Vera: What is ‘’wholehearted leadership’’ and what does it bring to the current practice of leadership?
Kevin: It’s the term I use to describe a leadership style that is founded on authenticity and transparency and extends to fostering growth, recognition and trust and the primary drivers of engagement.
Vera: Organizational culture, employee engagement etc are things that organizations struggle with. What in your view is the real challenge with getting those right and what might organizational leaders do differently?
Kevin: The real challenge is that C-level leaders don’t usually care about those things. They care more about short-term quarterly profits. And even if they do care, they don’t recognize that great engagement has nothing to do with office perks or parties, and everything to do with the quality of front-line leaders.
Vera: You work has touched over 150 countries- from the perspective of motivation, what are some of the things you’ve found activate discretionary effort/emotional commitment from employees?
Kevin: There are three things that account for the vast majority of how we feel about our work: Growth, Recognition and Trust. For growth, we want to be challenged, to learn new things and to advance in our careers. For recognition, we just want to feel appreciated by our boss and peers. For trust, it goes beyond ethical trust to trusting the leadership to guide us to a brighter future; it’s related to future confidence.
Vera: Some argue that an organization’s job isn’t to make employees happy rather make them effective. This may be simply splitting hairs but can an organization really make all staff happy?
Kevin: Well, happy is not the same as engaged. You can be happy at work, because it’s an easy job or you are goofing off with your friends. Engagement is an emotional commitment to your company; you share its goals and you want the company to succeed. But even with engagement, I haven’t seen a company yet where everyone was engaged, but it is possible to limit the disengaged to only a few people per hundred.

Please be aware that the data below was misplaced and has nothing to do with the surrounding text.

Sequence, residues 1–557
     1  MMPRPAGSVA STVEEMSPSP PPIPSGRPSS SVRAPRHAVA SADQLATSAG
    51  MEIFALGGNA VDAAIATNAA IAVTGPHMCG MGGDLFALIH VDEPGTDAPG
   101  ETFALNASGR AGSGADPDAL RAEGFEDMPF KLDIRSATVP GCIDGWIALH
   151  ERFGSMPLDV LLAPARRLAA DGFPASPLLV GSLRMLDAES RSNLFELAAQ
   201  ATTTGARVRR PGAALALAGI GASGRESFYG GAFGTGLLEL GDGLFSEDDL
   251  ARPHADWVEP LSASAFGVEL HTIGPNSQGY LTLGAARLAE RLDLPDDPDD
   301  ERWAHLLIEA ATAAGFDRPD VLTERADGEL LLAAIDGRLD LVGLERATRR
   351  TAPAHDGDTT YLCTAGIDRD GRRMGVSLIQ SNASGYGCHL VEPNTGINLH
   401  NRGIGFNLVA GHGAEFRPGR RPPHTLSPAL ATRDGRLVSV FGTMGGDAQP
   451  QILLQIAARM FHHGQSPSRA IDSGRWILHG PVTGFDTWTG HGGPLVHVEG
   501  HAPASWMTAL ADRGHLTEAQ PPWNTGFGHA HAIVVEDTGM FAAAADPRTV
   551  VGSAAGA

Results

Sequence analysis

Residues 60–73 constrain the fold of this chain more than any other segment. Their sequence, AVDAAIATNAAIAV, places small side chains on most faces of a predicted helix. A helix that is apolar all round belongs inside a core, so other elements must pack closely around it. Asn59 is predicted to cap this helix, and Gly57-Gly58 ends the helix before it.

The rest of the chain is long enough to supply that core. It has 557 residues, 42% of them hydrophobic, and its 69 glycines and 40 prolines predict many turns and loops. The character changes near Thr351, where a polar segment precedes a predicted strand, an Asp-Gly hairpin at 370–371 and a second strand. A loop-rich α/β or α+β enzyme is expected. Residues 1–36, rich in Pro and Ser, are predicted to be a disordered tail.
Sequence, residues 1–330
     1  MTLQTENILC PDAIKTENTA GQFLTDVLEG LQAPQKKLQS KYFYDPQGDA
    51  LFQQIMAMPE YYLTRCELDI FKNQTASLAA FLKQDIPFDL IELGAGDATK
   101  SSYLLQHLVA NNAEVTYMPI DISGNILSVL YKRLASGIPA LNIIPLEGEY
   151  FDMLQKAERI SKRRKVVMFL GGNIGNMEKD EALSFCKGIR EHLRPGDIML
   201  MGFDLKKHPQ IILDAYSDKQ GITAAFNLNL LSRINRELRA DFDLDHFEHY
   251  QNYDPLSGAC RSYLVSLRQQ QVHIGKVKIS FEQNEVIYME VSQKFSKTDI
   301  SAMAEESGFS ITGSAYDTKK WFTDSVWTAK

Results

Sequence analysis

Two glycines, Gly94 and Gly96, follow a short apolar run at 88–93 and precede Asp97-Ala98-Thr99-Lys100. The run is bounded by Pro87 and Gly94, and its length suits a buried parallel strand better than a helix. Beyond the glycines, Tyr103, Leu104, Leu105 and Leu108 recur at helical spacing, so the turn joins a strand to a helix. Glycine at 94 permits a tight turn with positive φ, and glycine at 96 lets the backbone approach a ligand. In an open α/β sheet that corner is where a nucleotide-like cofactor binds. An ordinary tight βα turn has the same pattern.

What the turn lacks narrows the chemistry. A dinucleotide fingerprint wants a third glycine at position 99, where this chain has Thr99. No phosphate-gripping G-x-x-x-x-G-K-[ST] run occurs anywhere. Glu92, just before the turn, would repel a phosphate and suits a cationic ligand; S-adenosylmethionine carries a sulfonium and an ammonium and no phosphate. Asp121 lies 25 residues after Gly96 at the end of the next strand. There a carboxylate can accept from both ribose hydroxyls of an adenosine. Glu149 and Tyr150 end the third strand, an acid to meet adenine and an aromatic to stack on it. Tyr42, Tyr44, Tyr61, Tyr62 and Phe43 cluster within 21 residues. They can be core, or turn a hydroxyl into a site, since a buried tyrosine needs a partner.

Vera: What advice would you give a CEO who came to you for advice on what to do about disengaged and apathetic staff?
Kevin: Begin by measuring engagement with an employee survey and have a baseline. Then share those results with every single manager including their own team engagement. Provide training and support so managers become better leaders. That’s how you’ll then improve engagement.
Vera: Leaders often have lots to do on any given day. You’ve cracked some time management secrets. Which ones do you swear by?
Kevin: Live from your calendar, not your to-do list. Know what your Most Important Task is every single day. Schedule 1-2 hours of uninterrupted time each morning to work on this task.
Vera: You are involved in quite a range if social causes through your foundation. How do you decide what to bring your leadership to outside of business?
Kevin: It’s actually something I’m struggling with. Lots of good causes out there and limited time and money to commit to them. Hard to know which ones are MOST deserving of my support.
Vera: You’ve won ‘’Best place to work’’ award before- what does such a workplace look like and how does one build such a company?
Kevin: It always starts with hiring the right people—people who fit your values and who actually want to be engaged at work. Then make sure leadership is fostering growth, recognition and trust.
Vera: As a thought leader, how do you ensure you are improving the quality of thinking?
Kevin: I try to read one to two books a week, and numerous blogs, journals and other sources to keep up.
Kevin Kruse is a New York Times bestselling author. His most recent books are Employee Engagement 2.0 and 15 Secrets Successful People Know About Time Management. He was recently named by Inc. magazine as a Top 50 Leadership Innovator. As a keynote speaker and performance coach, Kevin has worked with Fortune 500 CEOs, startup founders, US Marine Corps officers and non-profit leaders. Find out more on Kevin’s work from www.kevinkruse.com
For more information on Vera Ng’oma’s work and resources in leadership, personal and career development and excellence building, click here.